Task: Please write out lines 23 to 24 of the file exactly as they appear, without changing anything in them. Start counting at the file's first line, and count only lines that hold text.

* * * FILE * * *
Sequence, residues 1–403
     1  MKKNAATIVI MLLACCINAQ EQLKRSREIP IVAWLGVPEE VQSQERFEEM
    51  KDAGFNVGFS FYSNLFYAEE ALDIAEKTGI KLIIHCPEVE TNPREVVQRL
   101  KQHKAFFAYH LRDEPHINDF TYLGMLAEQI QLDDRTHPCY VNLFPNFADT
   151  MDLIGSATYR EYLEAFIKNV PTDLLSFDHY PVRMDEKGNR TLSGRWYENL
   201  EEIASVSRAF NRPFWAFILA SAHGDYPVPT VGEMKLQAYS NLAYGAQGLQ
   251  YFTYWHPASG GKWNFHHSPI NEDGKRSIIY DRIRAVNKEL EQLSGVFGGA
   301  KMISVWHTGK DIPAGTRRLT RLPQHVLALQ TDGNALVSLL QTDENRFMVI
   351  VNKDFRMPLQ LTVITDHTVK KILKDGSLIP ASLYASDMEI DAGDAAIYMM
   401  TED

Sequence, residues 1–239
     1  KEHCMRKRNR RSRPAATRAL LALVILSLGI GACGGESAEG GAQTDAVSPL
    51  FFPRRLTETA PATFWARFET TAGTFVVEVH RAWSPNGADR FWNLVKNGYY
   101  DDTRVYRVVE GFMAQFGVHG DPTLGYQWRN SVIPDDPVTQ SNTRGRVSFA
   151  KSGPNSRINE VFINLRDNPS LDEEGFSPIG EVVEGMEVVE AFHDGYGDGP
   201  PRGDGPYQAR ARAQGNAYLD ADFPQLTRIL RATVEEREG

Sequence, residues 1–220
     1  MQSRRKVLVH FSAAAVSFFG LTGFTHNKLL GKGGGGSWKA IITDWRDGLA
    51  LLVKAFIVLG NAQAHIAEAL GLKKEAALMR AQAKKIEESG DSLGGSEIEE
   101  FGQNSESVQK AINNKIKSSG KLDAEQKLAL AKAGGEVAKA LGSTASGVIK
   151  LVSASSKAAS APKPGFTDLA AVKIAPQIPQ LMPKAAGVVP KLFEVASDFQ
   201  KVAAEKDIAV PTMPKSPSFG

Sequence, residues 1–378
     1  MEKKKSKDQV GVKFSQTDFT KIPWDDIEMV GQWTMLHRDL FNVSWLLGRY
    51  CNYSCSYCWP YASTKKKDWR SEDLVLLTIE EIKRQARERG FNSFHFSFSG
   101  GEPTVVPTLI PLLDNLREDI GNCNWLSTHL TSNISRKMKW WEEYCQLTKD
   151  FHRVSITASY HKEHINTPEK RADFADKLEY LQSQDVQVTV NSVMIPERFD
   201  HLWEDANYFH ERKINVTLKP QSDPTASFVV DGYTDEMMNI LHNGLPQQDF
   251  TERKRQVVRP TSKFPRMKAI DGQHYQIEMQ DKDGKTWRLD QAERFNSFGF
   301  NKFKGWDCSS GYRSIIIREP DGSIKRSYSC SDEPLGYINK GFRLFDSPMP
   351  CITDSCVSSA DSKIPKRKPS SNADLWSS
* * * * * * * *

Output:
Sequence, residues 1–378
     1  MEKKKSKDQV GVKFSQTDFT KIPWDDIEMV GQWTMLHRDL FNVSWLLGRY